After a great day in Bialystok, my northern Poland journey continued on Wednesday morning, May 22, 2018, to Gdansk on the Baltic coast of Poland. I managed okay to buy my train tickets, boarded the right train on the correct platform (this route is served daily by 67 trains, whew!), and enjoyed the 6 hour ride.
Hey, there’s a Canadian onboard! 🙂
The train passed by Malbork, probably the largest medieval castle in Europe. Built in the late 13th century, as Marienburg, to serve as the residence of the Grand Masters of the Knights of the Teutonic Order. The fortress consists of three castles and is listed as a UNESCO World Heritage site. Not a bad photo taken through the train window as it sped along.
Upon arrival at the Gdansk train station (below two photos), I pulled out my smartphone and used the GPS to locate my hotel adjacent to Old Town in Gdansk. It was about a 15 minute walk, a nice introduction to this Baltic coast city.
Some Wikipedia facts about Gdansk:
- With its population of 465,000 inhabitants, is the capital of the Pomeranian Province of Northern Poland.
- The city lies on the southern edge of Gdańsk Bay (of the Baltic Sea), in a conurbation with the city of Gdynia, spa town of Sopot, and suburban communities, which together form a metropolitan area called the Tricity (Trójmiasto), with a population approaching 1.4 million.
- With its origins as a Polish stronghold erected in the 980s by Mieszko I of Poland, the city’s history is complex, with periods of Polish rule, periods of Prussian or German rule, and periods of autonomy or self-rule as a “free city“. In the early-modern age Gdańsk was a royal city of Poland. It was considered the wealthiest and the largest city of Poland, prior to the 18th century rapid growth of Warsaw. Between the world wars, the Free City of Danzig was in a customs union with Poland and was located between German East Prussia and the so-called Polish Corridor.
- Gdańsk lies at the mouth of the Motława River, connected to the Leniwka, a branch in the delta of the nearby Vistula River, which drains 60 percent of Poland and connects Gdańsk with the Polish capital, Warsaw. Together with the nearby port of Gdynia, Gdańsk is also an important industrial center. In the late Middle Ages it was an important seaport and shipbuilding town, and in the 14th and 15th centuries a member of the Hanseatic League.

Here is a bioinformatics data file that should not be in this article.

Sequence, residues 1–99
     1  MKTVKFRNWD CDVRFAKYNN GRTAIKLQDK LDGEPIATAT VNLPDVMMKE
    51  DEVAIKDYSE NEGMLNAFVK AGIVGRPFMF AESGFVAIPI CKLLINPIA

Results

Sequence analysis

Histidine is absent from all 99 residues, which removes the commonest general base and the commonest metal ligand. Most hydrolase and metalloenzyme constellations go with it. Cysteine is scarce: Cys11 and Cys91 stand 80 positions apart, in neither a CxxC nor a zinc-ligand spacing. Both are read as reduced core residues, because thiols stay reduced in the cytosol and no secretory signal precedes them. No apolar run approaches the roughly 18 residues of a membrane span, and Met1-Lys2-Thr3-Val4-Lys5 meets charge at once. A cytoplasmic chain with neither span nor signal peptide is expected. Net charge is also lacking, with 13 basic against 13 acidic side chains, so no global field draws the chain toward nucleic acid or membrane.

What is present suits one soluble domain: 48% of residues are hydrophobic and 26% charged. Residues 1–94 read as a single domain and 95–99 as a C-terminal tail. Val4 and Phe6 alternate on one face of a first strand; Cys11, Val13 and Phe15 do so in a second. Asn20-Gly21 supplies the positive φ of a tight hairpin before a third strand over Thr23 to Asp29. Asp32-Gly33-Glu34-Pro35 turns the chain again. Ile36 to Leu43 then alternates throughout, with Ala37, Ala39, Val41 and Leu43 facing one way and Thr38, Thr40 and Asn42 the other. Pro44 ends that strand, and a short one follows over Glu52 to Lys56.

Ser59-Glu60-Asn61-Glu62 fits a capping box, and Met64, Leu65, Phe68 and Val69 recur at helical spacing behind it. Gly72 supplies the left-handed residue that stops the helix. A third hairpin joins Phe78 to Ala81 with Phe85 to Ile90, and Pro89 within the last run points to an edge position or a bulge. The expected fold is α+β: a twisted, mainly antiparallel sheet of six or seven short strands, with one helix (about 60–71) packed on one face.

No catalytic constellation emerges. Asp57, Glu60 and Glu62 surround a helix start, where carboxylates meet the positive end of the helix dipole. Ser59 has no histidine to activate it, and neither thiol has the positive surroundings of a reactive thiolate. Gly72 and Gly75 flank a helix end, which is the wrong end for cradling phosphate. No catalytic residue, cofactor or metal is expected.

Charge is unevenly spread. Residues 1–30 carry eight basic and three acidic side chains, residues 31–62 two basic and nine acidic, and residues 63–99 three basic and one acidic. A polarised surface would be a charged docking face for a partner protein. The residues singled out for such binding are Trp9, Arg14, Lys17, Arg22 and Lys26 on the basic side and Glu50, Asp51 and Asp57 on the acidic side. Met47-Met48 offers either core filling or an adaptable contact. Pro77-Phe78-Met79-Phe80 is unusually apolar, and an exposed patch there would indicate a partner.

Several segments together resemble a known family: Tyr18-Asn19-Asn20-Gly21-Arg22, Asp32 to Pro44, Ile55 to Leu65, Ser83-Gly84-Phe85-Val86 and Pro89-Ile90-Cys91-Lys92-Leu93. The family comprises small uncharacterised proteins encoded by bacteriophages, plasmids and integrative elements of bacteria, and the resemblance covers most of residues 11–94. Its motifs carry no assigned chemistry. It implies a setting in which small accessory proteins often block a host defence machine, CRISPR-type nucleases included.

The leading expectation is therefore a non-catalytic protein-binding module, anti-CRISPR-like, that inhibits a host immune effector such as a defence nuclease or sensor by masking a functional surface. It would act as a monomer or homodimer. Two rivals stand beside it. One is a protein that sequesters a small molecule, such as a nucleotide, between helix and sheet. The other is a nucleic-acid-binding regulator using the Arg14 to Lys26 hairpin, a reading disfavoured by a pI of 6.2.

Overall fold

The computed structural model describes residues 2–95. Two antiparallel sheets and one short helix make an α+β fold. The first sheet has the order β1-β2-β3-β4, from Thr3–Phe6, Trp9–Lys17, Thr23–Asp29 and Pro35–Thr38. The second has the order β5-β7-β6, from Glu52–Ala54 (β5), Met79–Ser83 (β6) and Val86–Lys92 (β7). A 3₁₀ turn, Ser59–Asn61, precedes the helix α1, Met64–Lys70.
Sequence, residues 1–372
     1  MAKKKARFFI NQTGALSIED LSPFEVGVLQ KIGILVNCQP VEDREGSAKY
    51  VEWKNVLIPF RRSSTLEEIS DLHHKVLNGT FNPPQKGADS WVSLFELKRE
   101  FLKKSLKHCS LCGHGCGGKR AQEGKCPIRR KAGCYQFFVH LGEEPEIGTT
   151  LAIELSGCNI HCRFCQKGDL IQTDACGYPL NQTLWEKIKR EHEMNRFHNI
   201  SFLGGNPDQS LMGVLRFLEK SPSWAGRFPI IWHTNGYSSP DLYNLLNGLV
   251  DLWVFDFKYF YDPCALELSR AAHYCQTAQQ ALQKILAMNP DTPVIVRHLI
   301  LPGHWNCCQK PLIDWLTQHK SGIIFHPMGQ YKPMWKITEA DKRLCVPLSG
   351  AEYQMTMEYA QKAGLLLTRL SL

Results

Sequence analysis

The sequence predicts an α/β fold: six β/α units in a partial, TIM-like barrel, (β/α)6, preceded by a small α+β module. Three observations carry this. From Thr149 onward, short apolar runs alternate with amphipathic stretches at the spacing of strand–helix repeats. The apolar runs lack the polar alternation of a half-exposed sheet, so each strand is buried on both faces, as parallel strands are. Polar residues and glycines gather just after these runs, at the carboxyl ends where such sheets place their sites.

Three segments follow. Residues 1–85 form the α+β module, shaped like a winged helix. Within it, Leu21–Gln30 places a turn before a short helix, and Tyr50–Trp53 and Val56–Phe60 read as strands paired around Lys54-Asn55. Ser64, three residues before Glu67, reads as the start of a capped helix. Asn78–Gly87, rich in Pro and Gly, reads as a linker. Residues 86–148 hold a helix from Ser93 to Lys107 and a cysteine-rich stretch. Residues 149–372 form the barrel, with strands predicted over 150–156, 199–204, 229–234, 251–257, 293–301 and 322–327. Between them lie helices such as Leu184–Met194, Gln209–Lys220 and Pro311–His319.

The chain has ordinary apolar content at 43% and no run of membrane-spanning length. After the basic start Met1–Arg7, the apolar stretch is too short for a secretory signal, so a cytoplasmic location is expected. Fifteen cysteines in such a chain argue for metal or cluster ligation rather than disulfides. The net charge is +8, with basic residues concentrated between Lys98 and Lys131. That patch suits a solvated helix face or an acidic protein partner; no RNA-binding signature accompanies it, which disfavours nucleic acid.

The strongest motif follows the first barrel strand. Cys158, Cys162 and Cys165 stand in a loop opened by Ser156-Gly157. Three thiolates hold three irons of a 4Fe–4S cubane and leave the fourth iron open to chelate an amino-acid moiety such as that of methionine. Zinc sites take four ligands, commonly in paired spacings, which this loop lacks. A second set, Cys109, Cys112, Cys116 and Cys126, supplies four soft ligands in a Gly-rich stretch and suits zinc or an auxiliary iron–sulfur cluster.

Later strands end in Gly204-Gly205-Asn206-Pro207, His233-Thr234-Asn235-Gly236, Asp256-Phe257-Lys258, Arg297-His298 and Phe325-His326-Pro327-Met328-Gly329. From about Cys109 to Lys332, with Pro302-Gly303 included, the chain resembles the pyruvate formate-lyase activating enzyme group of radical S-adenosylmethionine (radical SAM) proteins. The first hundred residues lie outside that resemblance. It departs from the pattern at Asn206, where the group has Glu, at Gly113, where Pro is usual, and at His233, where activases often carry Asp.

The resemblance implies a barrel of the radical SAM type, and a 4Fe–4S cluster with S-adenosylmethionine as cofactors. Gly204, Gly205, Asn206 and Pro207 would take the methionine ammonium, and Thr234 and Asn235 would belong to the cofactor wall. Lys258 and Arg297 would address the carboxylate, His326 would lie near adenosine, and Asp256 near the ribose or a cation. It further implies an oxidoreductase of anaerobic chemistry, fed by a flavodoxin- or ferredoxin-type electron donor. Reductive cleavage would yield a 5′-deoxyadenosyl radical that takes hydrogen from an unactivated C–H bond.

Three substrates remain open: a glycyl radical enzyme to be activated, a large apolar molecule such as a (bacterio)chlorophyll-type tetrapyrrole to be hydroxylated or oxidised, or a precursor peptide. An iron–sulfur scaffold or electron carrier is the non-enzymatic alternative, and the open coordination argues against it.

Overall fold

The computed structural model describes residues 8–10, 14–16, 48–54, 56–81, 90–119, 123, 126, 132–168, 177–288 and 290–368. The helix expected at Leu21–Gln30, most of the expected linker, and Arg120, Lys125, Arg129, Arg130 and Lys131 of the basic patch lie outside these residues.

Below are samples of photos taken over my 2 day stay in Gdansk, the resort town of Sopot, and Westerplatte.
Old Town, Gdansk
Even though substantial parts of the town consist of reconstructions from after WWII, it still retains its charm as a medieval centre which is around twice the size of the corresponding centre in Krakow. Old Town is full of maritime atmosphere and has lots of Hanseatic-style architecture.
In this photo the Neptune Fountain can be seen with the Main Town Hall
The Green Gate at the end of this street was built from 1568 to 1571 as the formal residence of Poland monarchs. It now houses the National Museum in Gdansk.
Museum of Polish Toys from the years 1920-1989.
St. Mary’s Church looms in the background
St. Mary’s Church dates back to the mid 14th century and is considered as possibly the largest brick Gothic church in the world, with the massive squat tower at 78m high (I climbed it). The final shape of the church was achieved over 150 years after initial building work had begun. The church has an area of nearly half a hectare and can hold over 25,000 people. It does seem somewhat empty, but it does contain 30 chapels throughout. The photo below is a view to the front of the church.
Back view of the church
There are over 300 tombstones within the church
The main alter
A 15th-century astronomical clock, placed in the northern transept. According to legend, the clock’s creator had his eyes gouged out so he’d never make a clock to better than this one.
On my way to the top of the church tower, 78m high.
Two big bells seen on the trek up the tower
A portal on the trek up the tower
View from the top of the 78m tower. Note the ferris wheel shown earlier.
View from the top of the 78m tower
For my last day in Gdansk, I returned to the train station and caught the train to Sopot, about a half hour trip.
During the short trip the train passed by the Gdansk Shipyards (formerly Lenin Shipyards). The yard gained international fame when Solidarity (Solidarność), under the leadership of Lech Walesa, was founded there in September 1980.
Sopot train station
Some Wikipedia facts about Sopot:
- Sopot is a seaside resort city on the southern coast of the Baltic Sea, with a population of approximately 40,000. It lies between the larger cities of Gdansk to the southeast and Gydnia to the northwest. The three cities together make up the metropolitan area or Tr-City.
- Sopot is a major health-spa and tourist resort destination and has the longest wooden pier in Europe, stretching out into the Bay of Gdansk.
The beach was about a 10 minute walk from the train station. I had hoped to dip my toes into the Baltic but unfortunately is was polluted 🙁
Upon returning from Sopot by train, the route to Westerplatte as the next stop of the day was a bit more complex to navigate. The 40 minutes bus ride was pleasant, offering some good sights of the industrial areas of Gdansk. Westerplatte was the place where the opening shots of WWII were fired.
This part of my trip to the Baltic coast was lots of fun, albeit the hectic pace tired me out a bit. The next day’s trip to Torun would be more relaxing.